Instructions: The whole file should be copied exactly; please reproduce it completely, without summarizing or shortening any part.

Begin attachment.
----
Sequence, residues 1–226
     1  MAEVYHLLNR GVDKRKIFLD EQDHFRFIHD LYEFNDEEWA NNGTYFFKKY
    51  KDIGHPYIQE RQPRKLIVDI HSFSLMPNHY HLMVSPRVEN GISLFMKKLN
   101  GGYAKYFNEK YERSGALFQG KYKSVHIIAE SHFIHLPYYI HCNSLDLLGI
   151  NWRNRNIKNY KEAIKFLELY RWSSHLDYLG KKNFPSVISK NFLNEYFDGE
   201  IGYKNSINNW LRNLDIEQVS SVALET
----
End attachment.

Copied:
Sequence, residues 1–226
     1  MAEVYHLLNR GVDKRKIFLD EQDHFRFIHD LYEFNDEEWA NNGTYFFKKY
    51  KDIGHPYIQE RQPRKLIVDI HSFSLMPNHY HLMVSPRVEN GISLFMKKLN
   101  GGYAKYFNEK YERSGALFQG KYKSVHIIAE SHFIHLPYYI HCNSLDLLGI
   151  NWRNRNIKNY KEAIKFLELY RWSSHLDYLG KKNFPSVISK NFLNEYFDGE
   201  IGYKNSINNW LRNLDIEQVS SVALET